Praise The Lord

Posted by on Mar 16, 2014

Monday night’s Trappist and Abbey Ale tasting brought in quite a turnout which almost entirely consisted of brewing students. It is a somewhat curious thing that the Belgian lineups seem to attract those with a serious interest in beer. That isn’t to say that people who prefer American IPAs or come to a Scottish beer tasting don’t appreciate beer, it’s just that Belgian beers are, frankly, less approachable and much more difficult to comprehend than most others. In short, Belgian beers are the Burgundies of the beer world, and just as you’ll find with the best Burgundies, the complexity of the beverage is nothing compared to the nuggets of information that we obsessive drinkers try to glean from sampling them.

Trappist beers, in particular, represent a group of ales with a reputation perhaps only rivaled by Lambic brewers. These beers are brewed by Cistercian monks who often carry out their tasks in silence and create their works of art solely to provide to the monastery and charitable functions. While it would be foolish to say that these holy men don’t have any formal brewing education, their craft is largely a result of tradition and repetition. It isn’t really that surprising that decades, even centuries, of practice would result in fantastic beers, but I don’t think I only speak for myself when I say that there seems to be something almost supernatural about these beers.

Abbey-style ales are of a similar breed, though they might be considered to be a result of the success of Trappist ales. Brewers of Abbey-style beers do generally have ties with a nearby church, and oftentimes they do contribute a portion of their profits toward its upkeep, but they are, in effect, commercial breweries. Their growth in the 1900s and attempts at taking some of the Trappist beer market is one reason why the Trappist name is now so protected and prized. Leffe is a prime example of an Abbey brewery, for while it was originally established by the monks of Notre-Dame de Leffe, it is now owned by AB InBev.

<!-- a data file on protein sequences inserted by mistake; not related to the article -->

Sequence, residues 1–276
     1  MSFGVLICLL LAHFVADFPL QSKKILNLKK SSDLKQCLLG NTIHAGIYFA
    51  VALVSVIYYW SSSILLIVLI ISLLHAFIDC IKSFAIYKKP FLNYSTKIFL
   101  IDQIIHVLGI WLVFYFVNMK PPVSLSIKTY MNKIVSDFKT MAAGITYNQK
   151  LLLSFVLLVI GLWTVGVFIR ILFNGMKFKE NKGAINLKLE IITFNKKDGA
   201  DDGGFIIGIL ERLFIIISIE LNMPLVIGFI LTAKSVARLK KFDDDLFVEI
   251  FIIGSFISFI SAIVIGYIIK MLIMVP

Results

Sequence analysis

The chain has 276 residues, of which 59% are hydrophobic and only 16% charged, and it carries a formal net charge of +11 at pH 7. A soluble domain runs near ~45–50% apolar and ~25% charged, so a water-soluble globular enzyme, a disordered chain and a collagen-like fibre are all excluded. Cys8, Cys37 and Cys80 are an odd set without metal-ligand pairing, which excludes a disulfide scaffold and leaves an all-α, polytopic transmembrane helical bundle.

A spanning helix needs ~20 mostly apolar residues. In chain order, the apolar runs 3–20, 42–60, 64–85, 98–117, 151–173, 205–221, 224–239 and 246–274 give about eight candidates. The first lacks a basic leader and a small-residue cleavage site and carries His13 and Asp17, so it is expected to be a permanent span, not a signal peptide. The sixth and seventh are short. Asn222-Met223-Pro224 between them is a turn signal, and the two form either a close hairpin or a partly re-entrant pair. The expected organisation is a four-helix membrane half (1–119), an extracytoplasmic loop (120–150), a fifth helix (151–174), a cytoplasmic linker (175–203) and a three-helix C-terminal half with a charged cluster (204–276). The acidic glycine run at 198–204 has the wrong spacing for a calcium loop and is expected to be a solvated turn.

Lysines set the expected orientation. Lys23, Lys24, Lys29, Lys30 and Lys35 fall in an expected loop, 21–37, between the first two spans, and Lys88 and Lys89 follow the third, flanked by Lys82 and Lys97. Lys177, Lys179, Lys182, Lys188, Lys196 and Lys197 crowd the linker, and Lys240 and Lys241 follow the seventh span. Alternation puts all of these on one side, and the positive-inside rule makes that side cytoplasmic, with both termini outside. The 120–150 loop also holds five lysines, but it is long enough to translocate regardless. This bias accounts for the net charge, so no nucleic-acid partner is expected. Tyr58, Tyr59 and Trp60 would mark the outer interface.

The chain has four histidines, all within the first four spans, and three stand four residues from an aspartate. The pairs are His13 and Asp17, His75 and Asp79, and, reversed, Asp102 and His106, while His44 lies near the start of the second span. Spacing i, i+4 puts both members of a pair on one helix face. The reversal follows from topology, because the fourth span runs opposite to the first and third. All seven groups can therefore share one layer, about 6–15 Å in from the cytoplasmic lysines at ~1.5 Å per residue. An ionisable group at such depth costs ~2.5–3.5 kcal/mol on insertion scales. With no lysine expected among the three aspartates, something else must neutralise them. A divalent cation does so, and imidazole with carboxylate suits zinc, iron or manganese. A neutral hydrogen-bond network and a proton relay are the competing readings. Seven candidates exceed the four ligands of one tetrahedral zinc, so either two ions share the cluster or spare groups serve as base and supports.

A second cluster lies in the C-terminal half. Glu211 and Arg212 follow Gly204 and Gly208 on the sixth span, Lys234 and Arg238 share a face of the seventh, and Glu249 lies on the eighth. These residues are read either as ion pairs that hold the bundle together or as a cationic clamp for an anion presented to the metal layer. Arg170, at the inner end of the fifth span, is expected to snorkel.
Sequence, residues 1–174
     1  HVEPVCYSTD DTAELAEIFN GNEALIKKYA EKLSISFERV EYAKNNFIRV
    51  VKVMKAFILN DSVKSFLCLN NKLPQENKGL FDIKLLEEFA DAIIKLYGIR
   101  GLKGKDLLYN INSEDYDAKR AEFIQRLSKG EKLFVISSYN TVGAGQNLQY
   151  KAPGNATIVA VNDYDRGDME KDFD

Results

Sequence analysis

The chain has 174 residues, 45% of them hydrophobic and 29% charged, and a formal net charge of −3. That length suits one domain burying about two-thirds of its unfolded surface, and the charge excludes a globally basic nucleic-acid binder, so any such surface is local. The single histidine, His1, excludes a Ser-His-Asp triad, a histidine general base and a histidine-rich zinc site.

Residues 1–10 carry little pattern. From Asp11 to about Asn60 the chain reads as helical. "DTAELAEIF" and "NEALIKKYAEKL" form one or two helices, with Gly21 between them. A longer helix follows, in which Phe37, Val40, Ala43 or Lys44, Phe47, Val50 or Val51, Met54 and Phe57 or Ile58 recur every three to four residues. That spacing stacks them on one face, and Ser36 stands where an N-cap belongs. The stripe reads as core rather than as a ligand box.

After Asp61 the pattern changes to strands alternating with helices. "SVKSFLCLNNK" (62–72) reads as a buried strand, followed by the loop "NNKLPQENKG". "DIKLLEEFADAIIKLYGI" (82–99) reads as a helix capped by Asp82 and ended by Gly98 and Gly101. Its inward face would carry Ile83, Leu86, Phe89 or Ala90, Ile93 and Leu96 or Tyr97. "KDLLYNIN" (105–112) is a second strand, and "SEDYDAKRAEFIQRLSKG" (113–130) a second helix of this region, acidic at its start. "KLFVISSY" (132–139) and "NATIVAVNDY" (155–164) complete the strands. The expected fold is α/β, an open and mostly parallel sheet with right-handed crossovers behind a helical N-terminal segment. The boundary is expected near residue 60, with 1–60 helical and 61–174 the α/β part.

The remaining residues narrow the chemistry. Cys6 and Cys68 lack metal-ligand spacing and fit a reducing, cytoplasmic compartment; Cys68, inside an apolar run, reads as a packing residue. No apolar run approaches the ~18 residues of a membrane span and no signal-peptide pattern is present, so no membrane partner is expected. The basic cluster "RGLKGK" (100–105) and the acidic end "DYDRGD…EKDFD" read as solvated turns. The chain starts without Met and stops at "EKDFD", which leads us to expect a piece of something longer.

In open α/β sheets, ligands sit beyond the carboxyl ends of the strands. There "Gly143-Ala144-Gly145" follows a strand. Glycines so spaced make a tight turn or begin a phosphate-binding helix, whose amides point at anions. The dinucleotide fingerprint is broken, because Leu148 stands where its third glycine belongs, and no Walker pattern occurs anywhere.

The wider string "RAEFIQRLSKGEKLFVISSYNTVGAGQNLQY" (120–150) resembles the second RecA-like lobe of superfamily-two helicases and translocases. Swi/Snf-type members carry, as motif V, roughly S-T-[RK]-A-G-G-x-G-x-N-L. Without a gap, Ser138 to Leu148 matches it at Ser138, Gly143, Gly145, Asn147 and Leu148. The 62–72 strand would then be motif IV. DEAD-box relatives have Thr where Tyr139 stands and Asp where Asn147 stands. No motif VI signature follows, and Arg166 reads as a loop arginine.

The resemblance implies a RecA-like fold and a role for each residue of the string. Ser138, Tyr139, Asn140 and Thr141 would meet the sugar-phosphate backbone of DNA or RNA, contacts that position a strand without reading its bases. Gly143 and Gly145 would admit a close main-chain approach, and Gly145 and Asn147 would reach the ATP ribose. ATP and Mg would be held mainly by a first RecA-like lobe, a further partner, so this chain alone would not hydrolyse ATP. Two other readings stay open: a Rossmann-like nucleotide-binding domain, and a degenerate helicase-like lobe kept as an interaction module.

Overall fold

Whatever the abbey and whatever the brewer, though, Trappist and Abbey ales are generally solid bets if you’re looking for a tasty beer. Just be sure to mind the high ABVs that they tend to hide very well behind a veil of drinkability. These beers are often qualified by numbers or names that provide a guide to the strength of the beer. There are a lot of contending theories on what they all mean, but I generally tend to think of the names relating to the final strength of the beer and the numbers relating to the traditional measurement of the original sugar content of the wort. For a bit more information on this read the ‘Rochefort 8′ section in the ‘Beer History 101‘ blog.

1) Orval: I featured this beer in a tasting last December. As before, it displayed the lovely dry spice and hay qualities the pineapple characters really make you go back for more.

2) Westmalle Dubbel: Westmalle is one of the older Trappist breweries. Listed as officially ‘Trappist’ in 1836, they began brewing soon after with demand, and production, increasing thereon out. I featured their Tripel at a tasting in January, and the Dubbel is another beer style that was, essentially, invented by this brewery. It has loads of banana and raisins coming through with a dry ‘clovy’ finish.

3) La Trappe ‘Isidor’: Koningshoeven brewery is one of the few Trappist breweries located outside of Belgium. Selling it’s beers under the ‘La Trappe’ brand, this particular beer was brewed to celebrate Koningshoeven brewery’s 125th year anniversary and is named after Brother Isidorus, who was the abbey’s first brewer. It pours gold, yields loads of toffee apple on the aroma and also reminds me of bananas foster.

4) Achel ‘Bruin’: The abbey of Achel was destroyed during the French Revolution and remained in such a state until it was rebuilt by a group of Westmalle monks in the mid-19th century. It began brewing beer in 1852 and was certified Trappist in 1871. This beer might be considered a Dubbel as well, and contains similar dried fruit and sherry notes along with a bit of a solvent-like finish that was very appealing to me at least. One attendee aptly described it as a ‘backwards beer’ with the alcohol hit coming to you at the end even though it started out very warm and mellow.

5) Rochefort ’8′: Another oft-featured beer, there seems to be little need to describe this beer yet again.

6) St. Bernardus ‘Abt 12′: The only official ‘Abbey’ beer of the night, St. Bernardus uses the same Westmalle yeast strain that many other breweries (like Westvleteren) do, and this Quadrupel is often considered to be the closest thing to Westvleteren 12 (often rated as one of the best beers in the world) that you’ll likely find. It had spicy alcohol fumes reminiscent of a good whisky, but the flavours were much more like chocolate and sour cherries.

The final vote wasn’t terribly close, with St. Bernardus claiming a landslide victory.